Despite Ontario outlining more prohibited dog breeds under the Breed Specific Legislation (BSL), the Humane Society of London & Middlesex (HSLM) is sticking to their mission and piloting a new adoption process for a recently surrendered pup.
Aurora, a 1-year-old, three-legged pit bull mix, was handed over to the shelter amid the province’s 17-year-long legislation to ban her breed and toughen penalties for owners of deemed “dangerous dogs.”
The regulation specifically outlaws Staffordshire bull terriers, American Staffordshire terriers and American pit bull terriers.
Additionally, any dog “that has an appearance and physical characteristics that are substantially similar to those” dogs are also banned, according to the legislation that took effect in 2005 following a series reported attacks.
“Aurora is a beautiful dog and very, very friendly,” said Steve Ryall, executive director of the HSLM. “She is one special girl.”
Officials with HSLM said that historically, when a prohibited dog breed is surrendered to their shelter, it is transferred to another shelter or rescue in a province where the BSL is not in place.
But Ryall said many of these facilities are at capacity and have “lengthy wait times” regarding an uptake in “pandemic pets.”
“We’ve been in a situation with over 200 animals now for quite some time,” Ryall said. “But we are now seeing a backup of applications that someone has to fill out to surrender and so we’re also at capacity and there’s over 50 animals on that list I think as of Friday.
“The cost to ownership is expensive,” he continued. “We do not turn our back on animals, so we’re taking what we can and helping wherever we can with the animals in the shelter, in our foster program, and in special situations like this with Aurora.”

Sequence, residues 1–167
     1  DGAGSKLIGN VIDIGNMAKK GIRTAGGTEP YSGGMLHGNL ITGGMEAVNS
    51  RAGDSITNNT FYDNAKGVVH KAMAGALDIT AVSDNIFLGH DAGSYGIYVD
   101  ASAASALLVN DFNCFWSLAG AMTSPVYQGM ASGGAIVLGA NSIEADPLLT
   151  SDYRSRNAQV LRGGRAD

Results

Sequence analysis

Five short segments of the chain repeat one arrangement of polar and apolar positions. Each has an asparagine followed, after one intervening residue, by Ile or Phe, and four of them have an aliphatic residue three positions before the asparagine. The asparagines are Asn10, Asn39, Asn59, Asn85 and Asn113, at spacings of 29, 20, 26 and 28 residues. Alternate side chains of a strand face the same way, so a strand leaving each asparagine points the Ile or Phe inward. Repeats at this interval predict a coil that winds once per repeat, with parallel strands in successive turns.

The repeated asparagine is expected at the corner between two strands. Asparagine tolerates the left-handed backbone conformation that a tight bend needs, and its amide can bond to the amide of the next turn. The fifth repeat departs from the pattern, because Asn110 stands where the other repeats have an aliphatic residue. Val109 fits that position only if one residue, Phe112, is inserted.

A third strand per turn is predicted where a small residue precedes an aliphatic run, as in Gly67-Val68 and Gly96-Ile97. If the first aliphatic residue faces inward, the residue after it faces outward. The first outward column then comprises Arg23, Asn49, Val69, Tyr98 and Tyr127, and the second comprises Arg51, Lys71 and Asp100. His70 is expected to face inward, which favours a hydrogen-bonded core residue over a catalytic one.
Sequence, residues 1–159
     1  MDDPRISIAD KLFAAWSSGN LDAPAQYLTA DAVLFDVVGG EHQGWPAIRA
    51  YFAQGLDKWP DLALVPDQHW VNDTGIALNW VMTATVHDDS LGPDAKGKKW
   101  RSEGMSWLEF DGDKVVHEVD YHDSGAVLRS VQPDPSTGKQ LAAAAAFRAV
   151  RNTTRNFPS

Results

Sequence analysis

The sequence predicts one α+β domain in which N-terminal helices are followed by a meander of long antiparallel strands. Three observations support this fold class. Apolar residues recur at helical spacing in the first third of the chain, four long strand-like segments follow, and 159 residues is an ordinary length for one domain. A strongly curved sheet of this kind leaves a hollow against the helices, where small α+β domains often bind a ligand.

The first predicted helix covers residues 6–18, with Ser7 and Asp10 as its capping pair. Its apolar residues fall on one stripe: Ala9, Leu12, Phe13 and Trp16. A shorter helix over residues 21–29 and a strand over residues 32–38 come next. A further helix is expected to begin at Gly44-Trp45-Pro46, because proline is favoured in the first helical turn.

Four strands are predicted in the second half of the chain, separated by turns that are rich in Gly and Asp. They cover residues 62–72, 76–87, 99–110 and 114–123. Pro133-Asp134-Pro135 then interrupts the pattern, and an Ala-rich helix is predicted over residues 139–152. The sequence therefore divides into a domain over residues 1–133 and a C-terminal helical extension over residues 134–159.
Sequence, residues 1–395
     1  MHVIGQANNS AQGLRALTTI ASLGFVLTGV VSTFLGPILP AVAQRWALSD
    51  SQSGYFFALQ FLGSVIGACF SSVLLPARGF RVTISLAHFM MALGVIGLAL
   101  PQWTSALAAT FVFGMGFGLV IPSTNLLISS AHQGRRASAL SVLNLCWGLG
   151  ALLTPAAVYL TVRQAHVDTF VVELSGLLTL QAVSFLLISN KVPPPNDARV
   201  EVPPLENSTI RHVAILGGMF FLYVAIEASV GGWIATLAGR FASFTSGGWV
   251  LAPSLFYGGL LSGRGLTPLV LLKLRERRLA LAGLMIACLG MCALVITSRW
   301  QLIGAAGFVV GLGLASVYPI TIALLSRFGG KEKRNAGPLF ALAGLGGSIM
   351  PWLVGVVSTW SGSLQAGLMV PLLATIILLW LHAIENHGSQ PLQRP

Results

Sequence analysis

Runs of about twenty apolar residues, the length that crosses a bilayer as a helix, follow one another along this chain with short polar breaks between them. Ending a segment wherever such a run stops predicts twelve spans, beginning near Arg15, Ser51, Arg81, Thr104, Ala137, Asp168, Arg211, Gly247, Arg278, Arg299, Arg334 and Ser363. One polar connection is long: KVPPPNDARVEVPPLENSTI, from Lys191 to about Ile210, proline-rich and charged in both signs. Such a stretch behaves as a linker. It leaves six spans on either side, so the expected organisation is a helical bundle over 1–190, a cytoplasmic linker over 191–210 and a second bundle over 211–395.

In Aurora’s case, the HSLM launched a new pilot adoption process where they work with potential adopters outside of the province, rather than going through other shelters dealing with similar backlogs.
“This project had a really good response with communities, and we hope that this message obviously spread as far as it could to find her a home,” Ryall said.
But Aroura’s forever home might be around the corner in Quebec, Ryall explained. He said this is something that the shelter is very excited to hear.
Ryall added that this experience with Aurora and the pilot program worked very well “internally and logistically,” and that this is something the shelter would definitely consider doing again in the future.
“The community really supported it and so I think we found another option,” he said. “If we can keep adding more and more of those options to find homes for animals, that we’re going to keep trying those positive things.”